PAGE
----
Running a system on batteries

By martinm, in Electronics, november 27,2015.

As long as your expectations are in line with the laws of physics, it is not a problem to build a battery-powered system with Yoctopuce devices. We have already covered this topic a few times on this blog, but this week we will provide some theory and see how we can compute the life time of a system based on the battery size, how to build a self-powered system, what are the pitfalls to avoid...

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Coke + Mentos + Yoctopuce = Fun

By seb, in DIY, november 19,2015.

This week, we decided to write a more entertaining post. It's an experiment to be done with children: adding a few Mentos candies into a Coke bottle to literally create a Coke geyser. The difficulty in this experiment is that the reaction happens so fast that one often finds oneself drenched with Coke. We decided to create a device allowing us to trigger this reaction from afar.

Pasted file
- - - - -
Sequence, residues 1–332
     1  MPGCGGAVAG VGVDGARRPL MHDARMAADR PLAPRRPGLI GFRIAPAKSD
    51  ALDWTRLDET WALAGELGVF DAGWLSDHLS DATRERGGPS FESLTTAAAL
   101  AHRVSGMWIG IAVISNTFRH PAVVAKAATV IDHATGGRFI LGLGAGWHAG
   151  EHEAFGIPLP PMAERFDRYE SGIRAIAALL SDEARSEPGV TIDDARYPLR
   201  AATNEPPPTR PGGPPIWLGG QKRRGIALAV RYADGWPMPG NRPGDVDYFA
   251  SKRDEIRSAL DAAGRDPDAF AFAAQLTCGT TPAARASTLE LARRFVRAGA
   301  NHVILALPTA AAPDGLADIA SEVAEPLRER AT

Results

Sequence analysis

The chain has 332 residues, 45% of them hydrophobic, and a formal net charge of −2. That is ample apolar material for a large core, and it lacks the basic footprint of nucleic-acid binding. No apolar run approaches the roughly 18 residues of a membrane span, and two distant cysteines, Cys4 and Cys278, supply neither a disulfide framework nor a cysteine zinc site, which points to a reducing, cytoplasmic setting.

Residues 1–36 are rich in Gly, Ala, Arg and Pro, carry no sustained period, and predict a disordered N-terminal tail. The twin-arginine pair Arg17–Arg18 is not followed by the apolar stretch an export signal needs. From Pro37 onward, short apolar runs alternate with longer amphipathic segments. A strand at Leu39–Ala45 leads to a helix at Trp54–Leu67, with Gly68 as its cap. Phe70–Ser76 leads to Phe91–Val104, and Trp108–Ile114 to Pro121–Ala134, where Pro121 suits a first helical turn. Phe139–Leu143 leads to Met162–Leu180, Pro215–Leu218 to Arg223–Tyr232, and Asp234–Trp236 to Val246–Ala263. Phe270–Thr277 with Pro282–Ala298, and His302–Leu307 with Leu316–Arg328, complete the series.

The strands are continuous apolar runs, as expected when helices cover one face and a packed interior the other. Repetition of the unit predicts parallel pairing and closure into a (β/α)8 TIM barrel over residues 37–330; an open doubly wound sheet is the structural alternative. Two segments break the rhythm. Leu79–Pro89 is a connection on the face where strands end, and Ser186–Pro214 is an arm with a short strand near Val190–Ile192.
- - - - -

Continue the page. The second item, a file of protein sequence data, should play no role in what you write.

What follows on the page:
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Error message: "Another process is already using yAPI"

By martinm, in Programming, november 13,2015.

Yoctopuce support quite often receives calls for help from customers somewhat lost when they discover this error message: "Another process is already using yAPI". This issue is discussed in the documentation of Yoctopuce products but, this week, we are going to take the time to understand where this error message is coming from and how to avoid it.

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A WordPress plugin for Yoctopuce sensors

By mvuilleu, in Measures, Internet of Things and Programming, november 06,2015.

We designed the Yoctopuce sensors so that you can easily integrate them in all kinds of computer systems: connecting them to a computer, to an Android phone, or even to a web server. On this latter point, we have so far discussed web integration examples destined to seasoned programmers, working directly in PHP or in Java. Today, we discuss a solution which is simpler to implement for web developers using the WordPress platform.

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A $9 CPU to use our modules

By seb, in Tiny PC, october 30,2015.

As you might have guessed, at Yoctopuce we like to try out new computer and electronic gadgets, and especially so when it's possible to use them with our modules. A few months ago, Kickstarter financed a $9 "computer": C.H.I.P. We backed this project enthusiastically, and last week we received the Alpha version of this mini-PC.

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